The Lepchas or Rong pa, literally the "ravine folk" are fast dwindling in numbers. The Lepchas are very intelligent, samiable and extremely hospitable. They love sports and games and are sociable. They are peace-loving people who avoid quarrels. Many of them are concentrated in the Dzongu valley in northern part of Sikkim. The Lepchas mostly live by trade or on agriculture. Paddy, oranges and cardamom are their favorable crops.
The Lepcha house or 'li' usually 4 or 5 feet above the ground, is usually rectangular in shape. They are usually made of woody stems of bamboo. Life in a Lepcha hut is very simple. Lepchas are excellent weavers and make fine tribal cloth. They are also adept in bamboo and cane weaving. A traditionally dressed Lepcha would be found wearing half pajamas, under a robe made of striped cotton resembling a loose jacket- the whole ensemble is called a pagi. The robe, which comes to the knees, is pinned on the shoulder and tied around the waist. Accompanying him would be a ban or payak, the traditional Lepcha knife. Apart from their reserve Dzongu, the Lepchas can be seen sporting their traditional dress at archery competitions ( in which they are very good ) or during special occasions like festivals and marriages. The Lepcha lady wears a two - piece dress -a full sleeved blouse called tago and a skirt called domdyan. A scarf round the head is also a common feature. The Lepchas are also the best people to have around if you are lost in the forest. Their close link with nature had led them to possess a tremendous and unparalleled voclabury. They have names and terms for every fern, bush, moss and mushroom. They also know what is the best to eat in the forest. The delicacy of bamboo shoots is, after their offering to world cuisine.

Their Festivals and Religion:
One of the major festivals of Lepcha is Namsoong or popularly called as Lossong which marks the beginning of the New year.It is the farmers New Year for this is usually the time when the farmers rejoice and celebrate their harvest. Loosong is celebrated privately among family members and friends; and there is an air of festivity all around.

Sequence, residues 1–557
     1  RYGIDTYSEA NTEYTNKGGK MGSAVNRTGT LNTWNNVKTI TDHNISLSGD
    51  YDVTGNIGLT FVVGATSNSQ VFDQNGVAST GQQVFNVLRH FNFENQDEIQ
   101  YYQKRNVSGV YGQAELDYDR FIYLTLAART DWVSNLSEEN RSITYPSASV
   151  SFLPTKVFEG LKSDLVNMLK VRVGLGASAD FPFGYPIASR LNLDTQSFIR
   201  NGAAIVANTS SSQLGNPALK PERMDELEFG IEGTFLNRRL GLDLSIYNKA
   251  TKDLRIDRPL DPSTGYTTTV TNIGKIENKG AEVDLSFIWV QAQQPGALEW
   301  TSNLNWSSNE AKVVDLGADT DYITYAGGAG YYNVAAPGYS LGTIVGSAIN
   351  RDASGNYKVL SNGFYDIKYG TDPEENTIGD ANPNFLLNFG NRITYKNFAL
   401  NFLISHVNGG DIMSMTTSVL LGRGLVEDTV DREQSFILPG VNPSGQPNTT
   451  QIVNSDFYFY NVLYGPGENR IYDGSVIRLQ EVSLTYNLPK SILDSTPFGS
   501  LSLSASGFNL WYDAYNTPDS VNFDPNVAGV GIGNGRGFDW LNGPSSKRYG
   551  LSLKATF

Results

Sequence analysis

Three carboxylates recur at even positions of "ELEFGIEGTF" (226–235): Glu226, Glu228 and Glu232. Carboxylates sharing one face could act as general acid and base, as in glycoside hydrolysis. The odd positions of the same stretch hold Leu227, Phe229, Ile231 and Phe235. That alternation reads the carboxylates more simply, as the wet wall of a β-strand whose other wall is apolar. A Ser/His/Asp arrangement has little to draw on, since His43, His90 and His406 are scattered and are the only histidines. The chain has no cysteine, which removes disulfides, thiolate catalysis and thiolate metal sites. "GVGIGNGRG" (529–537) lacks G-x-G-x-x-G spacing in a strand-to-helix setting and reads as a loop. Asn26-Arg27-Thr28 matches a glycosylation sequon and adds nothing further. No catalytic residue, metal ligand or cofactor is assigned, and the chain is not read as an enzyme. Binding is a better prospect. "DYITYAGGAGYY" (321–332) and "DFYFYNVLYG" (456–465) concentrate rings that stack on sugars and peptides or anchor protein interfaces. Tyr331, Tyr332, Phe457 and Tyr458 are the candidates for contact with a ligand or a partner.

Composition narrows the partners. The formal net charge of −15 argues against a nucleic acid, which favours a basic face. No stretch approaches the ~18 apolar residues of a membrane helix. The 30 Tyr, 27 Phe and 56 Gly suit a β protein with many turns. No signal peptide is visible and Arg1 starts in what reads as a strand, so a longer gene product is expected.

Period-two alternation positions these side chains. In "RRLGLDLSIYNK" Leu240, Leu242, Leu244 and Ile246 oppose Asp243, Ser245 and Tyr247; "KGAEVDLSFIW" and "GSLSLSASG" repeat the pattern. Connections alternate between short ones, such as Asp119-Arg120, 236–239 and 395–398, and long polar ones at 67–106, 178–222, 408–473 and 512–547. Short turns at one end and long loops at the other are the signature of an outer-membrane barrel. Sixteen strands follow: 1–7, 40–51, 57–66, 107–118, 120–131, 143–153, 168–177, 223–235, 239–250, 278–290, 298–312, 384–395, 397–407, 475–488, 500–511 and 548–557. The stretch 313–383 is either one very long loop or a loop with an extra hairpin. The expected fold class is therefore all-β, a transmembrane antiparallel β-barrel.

Lepchas celebrate Pang Lhabsol to worship Mount Khangchendzonga as the guardien deity.The combination of the masked dance and the warrior dance, gives the festival a unique look. The costumes are resplendent, the masks colourful and impressive, and the choreography of the warrior dance is spectacular.A week before the dances,the lamas of Pemayangtse monastery offer prayers, invoking Dzonga (as Mount Khangchendzonga is popularly called) to protect the land and look after the people. This festival is held on the 15th day of the 7th month of the Tibetan calendar, corresponding to late August and early September.
While most Lepchas are now Buddhists, a sizeable number of them still follow their original faith, Bon. Their animistic belief sees them worshipping nature in all its forms, rivers, lakes and mountains. many aspects, like the worship of Khangchendzonga, have also been included into Sikkimese Buddhism. Christianity, too, has found many converts among the Lepchas. In fact, the religion is now into its third generation in Sikkim.
Although Lepchas have no caste system, they are particular about their clans. They are particular, one might add, not paranoid about in since not only do they marry into other clans, but of late they have been progressive about marrying into other communities too.
With agriculture, especially of cardamom, as their main source of income, the Lepchas find enough time for revelry, and participating in one of their festivals like Losoong, sometime in November-December is a worthwhile experience. The Rongpas continue to be what their " Mother-Creator " wanted them to be-simple folk.